September 10th, 2013
Launched in 1995, the World Trade Organization (WTO) completed the Bretton Woods trio with the World Bank, and the International Monetary Fund in promoting neoliberalism and corporate globalization. The WTO was particularly special in its power to legally enforce and penalize countries, taking away the policy space of governments, and on several occasions, forcing them to change their national laws in order to implement global free trade rules.
Celebrating the International Day of the World's Indigenous Peoples, with the Meaning of Living Well
In 1994, the United Nations designated August 9 as the International Day of the World’s Indigenous Peoples. Today, we at Grassroots International celebrate the lives, leadership and struggles of Indigenous Peoples around the world, including our partners who courageously defend their rights to land, territory, water, and food sovereignty, as well as the rights of Mother Earth.
By Sara Mersha
July 12th, 2013
President Obama announced his new Climate Action Plan before an audience of college students at Georgetown University on June 25, Countless young people, environmental activists, and most importantly, communities most impacted by climate change both in the US and around the world, have long awaited the chance to hear President Obama lay out a concrete roadmap to take action to address climate change.
Earlier this month, hundreds of small farmers from dozens of countries gathered in Jakarta, Indonesia for the 6th International Congress of the Via Campesina.
Our Palestinian partners frequently tell us: “To stay – and, frankly, to exist – is to resist.” I heard this same message during the 3rd International Youth Assembly of La Via Campesina (LVC). In a world where the ability to live a dignified life as a small farmer is increasingly challenging whether in Iowa or Indonesia the act of staying, and in some cases “going back” to the land is an act of resistance and courage.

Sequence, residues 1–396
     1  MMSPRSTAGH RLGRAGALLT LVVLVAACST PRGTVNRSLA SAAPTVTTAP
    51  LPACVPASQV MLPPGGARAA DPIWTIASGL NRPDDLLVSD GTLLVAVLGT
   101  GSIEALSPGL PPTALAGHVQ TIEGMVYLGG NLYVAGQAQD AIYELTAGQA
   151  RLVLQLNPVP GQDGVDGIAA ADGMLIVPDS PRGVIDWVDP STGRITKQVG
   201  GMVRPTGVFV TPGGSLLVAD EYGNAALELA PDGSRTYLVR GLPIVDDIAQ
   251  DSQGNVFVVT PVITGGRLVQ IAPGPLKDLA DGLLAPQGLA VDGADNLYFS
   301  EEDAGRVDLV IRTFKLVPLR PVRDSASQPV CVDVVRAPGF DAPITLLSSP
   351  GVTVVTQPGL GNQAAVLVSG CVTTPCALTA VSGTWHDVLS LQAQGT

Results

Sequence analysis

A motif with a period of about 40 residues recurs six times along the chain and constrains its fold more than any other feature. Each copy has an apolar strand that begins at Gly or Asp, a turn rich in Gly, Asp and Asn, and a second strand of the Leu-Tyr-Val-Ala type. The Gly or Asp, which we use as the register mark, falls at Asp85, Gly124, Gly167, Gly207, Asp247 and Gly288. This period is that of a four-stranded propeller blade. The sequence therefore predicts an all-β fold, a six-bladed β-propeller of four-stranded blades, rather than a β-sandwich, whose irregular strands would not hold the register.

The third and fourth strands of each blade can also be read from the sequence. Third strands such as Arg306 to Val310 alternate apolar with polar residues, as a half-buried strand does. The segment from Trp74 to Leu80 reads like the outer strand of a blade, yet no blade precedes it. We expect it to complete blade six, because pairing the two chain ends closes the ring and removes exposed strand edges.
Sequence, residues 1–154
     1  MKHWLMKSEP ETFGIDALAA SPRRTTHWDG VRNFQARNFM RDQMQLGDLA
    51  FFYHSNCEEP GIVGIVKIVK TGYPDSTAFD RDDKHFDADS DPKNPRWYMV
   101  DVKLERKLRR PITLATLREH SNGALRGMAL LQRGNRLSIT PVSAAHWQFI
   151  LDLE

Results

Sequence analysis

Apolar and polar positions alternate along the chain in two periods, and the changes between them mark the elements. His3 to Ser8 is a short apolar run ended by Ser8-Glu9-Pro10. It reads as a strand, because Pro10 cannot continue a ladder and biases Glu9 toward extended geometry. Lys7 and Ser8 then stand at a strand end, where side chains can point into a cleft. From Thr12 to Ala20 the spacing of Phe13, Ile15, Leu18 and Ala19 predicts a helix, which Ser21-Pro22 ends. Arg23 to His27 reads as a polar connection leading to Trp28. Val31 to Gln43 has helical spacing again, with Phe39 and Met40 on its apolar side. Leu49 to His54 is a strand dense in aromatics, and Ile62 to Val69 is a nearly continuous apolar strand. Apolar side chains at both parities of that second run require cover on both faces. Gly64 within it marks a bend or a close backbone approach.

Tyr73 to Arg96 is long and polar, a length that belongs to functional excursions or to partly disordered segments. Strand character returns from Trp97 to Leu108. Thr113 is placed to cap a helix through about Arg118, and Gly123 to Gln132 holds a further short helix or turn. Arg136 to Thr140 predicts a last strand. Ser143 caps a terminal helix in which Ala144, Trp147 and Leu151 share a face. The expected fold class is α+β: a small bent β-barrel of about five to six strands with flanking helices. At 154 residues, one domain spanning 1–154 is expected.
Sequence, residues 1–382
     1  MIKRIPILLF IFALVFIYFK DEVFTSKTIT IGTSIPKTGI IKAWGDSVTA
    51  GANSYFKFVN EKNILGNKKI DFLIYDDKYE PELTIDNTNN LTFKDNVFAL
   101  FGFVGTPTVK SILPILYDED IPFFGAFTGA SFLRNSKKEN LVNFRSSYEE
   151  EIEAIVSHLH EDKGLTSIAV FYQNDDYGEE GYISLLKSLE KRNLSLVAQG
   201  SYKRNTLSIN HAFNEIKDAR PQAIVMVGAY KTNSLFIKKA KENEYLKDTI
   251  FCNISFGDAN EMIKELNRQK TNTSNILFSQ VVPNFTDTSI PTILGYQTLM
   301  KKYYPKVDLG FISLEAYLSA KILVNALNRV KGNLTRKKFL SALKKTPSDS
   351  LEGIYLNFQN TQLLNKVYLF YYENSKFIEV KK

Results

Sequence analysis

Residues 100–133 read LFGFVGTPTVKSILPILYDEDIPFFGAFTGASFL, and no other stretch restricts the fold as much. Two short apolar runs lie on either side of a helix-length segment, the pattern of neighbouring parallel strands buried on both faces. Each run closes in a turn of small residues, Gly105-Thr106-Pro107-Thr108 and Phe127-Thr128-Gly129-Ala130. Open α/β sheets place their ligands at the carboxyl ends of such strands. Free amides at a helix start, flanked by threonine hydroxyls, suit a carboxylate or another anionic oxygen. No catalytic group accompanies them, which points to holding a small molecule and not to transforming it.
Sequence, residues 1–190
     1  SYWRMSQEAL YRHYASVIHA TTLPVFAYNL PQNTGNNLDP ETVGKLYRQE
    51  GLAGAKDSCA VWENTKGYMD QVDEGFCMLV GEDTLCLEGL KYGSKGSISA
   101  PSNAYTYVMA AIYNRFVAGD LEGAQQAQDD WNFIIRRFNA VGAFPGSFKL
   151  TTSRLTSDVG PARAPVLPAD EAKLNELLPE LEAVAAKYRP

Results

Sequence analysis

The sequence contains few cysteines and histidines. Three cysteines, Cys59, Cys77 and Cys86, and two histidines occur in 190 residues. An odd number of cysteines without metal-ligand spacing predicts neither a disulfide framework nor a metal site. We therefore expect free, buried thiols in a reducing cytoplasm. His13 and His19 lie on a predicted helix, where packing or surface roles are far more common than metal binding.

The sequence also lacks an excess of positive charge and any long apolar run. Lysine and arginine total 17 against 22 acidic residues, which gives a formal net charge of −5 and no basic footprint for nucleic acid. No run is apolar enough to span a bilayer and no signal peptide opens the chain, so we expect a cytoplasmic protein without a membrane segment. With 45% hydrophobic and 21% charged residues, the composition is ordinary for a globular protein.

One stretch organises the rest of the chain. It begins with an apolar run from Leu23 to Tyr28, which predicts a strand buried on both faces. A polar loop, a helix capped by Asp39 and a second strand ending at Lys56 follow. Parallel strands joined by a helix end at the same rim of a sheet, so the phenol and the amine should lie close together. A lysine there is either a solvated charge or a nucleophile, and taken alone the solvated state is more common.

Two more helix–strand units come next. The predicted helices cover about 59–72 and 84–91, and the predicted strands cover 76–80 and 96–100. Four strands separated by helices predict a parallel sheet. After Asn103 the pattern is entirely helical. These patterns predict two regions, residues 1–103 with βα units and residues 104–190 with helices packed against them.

On this Earth Day, I’m inspired to share a story of the Black Mesa Water Coalition (BMWC). One of Grassroots International’s US allies, BMWC organizes in indigenous communities, going up against powerful corporate interests in the fossil fuel industry, and engaging in movement building toward a vision for a transition to an economically and ecologically just society.
Cicero Guedes, a former sugar cane cutter turned land rights activist, worked in Campo dos Goytacazes, a settlement in Brazil. There he organized with the Landless Workers Movement (MST) to help families achieve what he had received: legal claim to land as part of Brazil’s agrarian reform movement.
For his tireless work, Cicero was murdered, shot more than a dozen times while he rode his bicycle to the fields. His assassination seemed intended to send a message to other would-be land rights activists: organize and you will pay the ultimate price.
Thousands of small farmers joined students, activists, unionists , human rights advocates and others at the World Social Forum in Tunisia last week. Among the many demonstrations and calls for action, the plea for seed sovereignty resonated with the peasant organizers who have seen their lands and livelihoods threatened by the “Green Revolution” and the incursion of industrial agriculture.
The real costs of the industrial food system on people’s lives and the planet are as extensive as they are hidden. The article below by long-time Grassroots International friends, Beverley Bell and Tory Field of Other Worlds, offers a thought-provoking summary of those costs—all of which challenge small farmers in the Global South on a daily basis.
The True Costs of Industrialized Food
January 28, 2013 was marked around the world as an International Day of Solidarity with Idle No More, a movement sparked in November 2012 by First Nations women in Canada, in resistance to legislative threats to indigenous sovereignty. One particular piece of legislation which Canadian Prime Minister Stephen Harper is promoting, Bill C-45, would nullify provisions of provisions of the Navigable Waters Protection Act which since 1882 has mandated consultation and approval by First Nations for projects that could affect waterways on indigenous territories.